Fiona Danks, Wild Oxfordshire trustee
Some of my most treasured childhood memories are of time spent outdoors. Rolling down sand dunes in Pembrokeshire, climbing trees in our garden, walks in Warwickshire fields full of cowslips, swimming in the icy cold water of a mountain stream. Outdoors was freedom, it was opportunity and it allowed me to become immersed in the nature. But outdoors was also where we were expected to be until we came home for tea.
I am sure many readers also have vivid memories of wild outdoor childhoods, when they were free to explore local green spaces beyond the adult gaze. Perhaps you made dens, played hide-and-seek, and discovered some of nature’s secrets. Perhaps you also scratched your knees, got dirty and learnt from experience how to judge risk. Even for children without access to the countryside, playing outdoors in the street or at the park was the norm.
In today’s fast-moving, risk-averse, high-tech world, children don’t have that same freedom to play outdoors and the ever-increasing allure of electronic devices provides tough competition. Many children are disconnected from nature; it is not a world they are comfortable in. Yet if you take any toddler outdoors, he or she will be naturally curious about the world, completely absorbed by a daisy, a muddy puddle, or a bird in the sky.
Although Wild Oxfordshire’s remit does not specifically include the delivery of “environmental education”, it works with and supports many groups which run family events and natural history guided walks, and it shares information about Oxfordshire’s biodiversity with a wide audience. Wild Oxfordshire understands the importance of giving as many people as possible the opportunity to discover, learn about and enjoy nature in a range of settings. For example, art can be a powerful way to engage new audiences in nature, as demonstrated by a recent Art project - https://nrn-wildarts.org/ featured in the Wild Oxfordshire bulletin. In 2020 the Watlington Green Plan Art Trail used art to highlight the importance of local habitats, an event supported by Wild Oxfordshire’s Community Ecology project.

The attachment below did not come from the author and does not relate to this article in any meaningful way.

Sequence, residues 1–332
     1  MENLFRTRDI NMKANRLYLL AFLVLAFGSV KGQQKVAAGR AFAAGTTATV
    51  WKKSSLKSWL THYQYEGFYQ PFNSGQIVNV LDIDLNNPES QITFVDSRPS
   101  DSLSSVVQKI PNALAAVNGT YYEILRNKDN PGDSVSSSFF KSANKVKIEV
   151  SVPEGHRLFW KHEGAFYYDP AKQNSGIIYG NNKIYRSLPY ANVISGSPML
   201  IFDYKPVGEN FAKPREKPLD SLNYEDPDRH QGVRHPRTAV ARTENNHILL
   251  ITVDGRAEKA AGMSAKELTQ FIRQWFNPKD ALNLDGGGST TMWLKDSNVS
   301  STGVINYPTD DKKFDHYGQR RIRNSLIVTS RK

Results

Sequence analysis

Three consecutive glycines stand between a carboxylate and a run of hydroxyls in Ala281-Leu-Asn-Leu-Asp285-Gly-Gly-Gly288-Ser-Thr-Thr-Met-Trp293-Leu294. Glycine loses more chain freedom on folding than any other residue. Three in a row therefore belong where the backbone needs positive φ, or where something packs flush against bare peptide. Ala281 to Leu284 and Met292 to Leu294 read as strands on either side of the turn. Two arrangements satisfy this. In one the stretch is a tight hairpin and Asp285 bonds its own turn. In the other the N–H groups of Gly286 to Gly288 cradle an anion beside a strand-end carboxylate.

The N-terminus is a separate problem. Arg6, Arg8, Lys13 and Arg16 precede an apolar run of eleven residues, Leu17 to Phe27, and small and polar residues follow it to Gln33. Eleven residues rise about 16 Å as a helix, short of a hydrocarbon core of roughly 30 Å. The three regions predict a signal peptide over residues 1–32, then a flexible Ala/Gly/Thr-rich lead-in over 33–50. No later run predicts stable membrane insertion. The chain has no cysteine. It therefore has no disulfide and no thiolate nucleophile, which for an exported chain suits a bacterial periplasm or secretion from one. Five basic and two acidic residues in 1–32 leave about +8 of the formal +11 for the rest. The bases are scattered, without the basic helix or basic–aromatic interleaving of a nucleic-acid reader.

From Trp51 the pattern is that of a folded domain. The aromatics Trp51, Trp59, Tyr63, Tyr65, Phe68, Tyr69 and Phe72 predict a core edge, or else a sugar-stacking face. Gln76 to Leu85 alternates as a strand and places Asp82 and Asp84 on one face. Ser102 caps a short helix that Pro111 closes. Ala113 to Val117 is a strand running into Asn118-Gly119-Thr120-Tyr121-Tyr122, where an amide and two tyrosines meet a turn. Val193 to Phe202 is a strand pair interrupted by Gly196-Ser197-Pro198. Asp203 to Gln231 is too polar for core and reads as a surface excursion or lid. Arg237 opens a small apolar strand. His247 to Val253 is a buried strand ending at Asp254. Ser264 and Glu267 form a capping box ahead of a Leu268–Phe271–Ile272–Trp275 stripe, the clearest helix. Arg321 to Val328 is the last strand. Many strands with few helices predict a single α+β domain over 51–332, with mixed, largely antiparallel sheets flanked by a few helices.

There are encouraging moves to raise the profile of environmental education in the UK. We welcome the recent decision to introduce a Natural History GCSE from 2025, providing the opportunity to teach nature-literacy about British wildlife and how it relates to the rest of the world. We need to create the natural historians of the future but teaching about the environment should be cross-curricular and start from an early age. Many pre-school nursery providers are very much focused on the outdoors and The Forest Schools movement is gaining strength in Primary Schools, ensuring many pupils have regular contact with a local green space.
My friend Jo Schofield and I share a belief that all children need to spend time outdoors in nature, and together we have written twelve books to inspire more families to get outside. Our first book, Nature’s Playground, published in 2006, came out when the number of books in this genre was limited. However, the publication of Last Child in the Woods by Richard Louv at about the same time led to a turning point, highlighting the body of research indicating that exposure to nature is essential for healthy childhood development and for the emotional health of children and adults. There are now many books out there sharing ideas to get more children and families outdoors. The reality is that children need nature for their health, well-being, and survival. Nature also needs children for they will become the biodiversity custodians of the future.
Jo and I believe our books play a key role in providing ideas and inspiration to make such adventures more accessible. Our latest book, Make This Book Wild, published by Quarto Kids in March 2022, aims to get children to create their own magical scrapbook, by filling the book with wild materials, observations, and imaginings while outside. We hope it will encourage more children to immerse themselves in nature and look in detail at the world around them.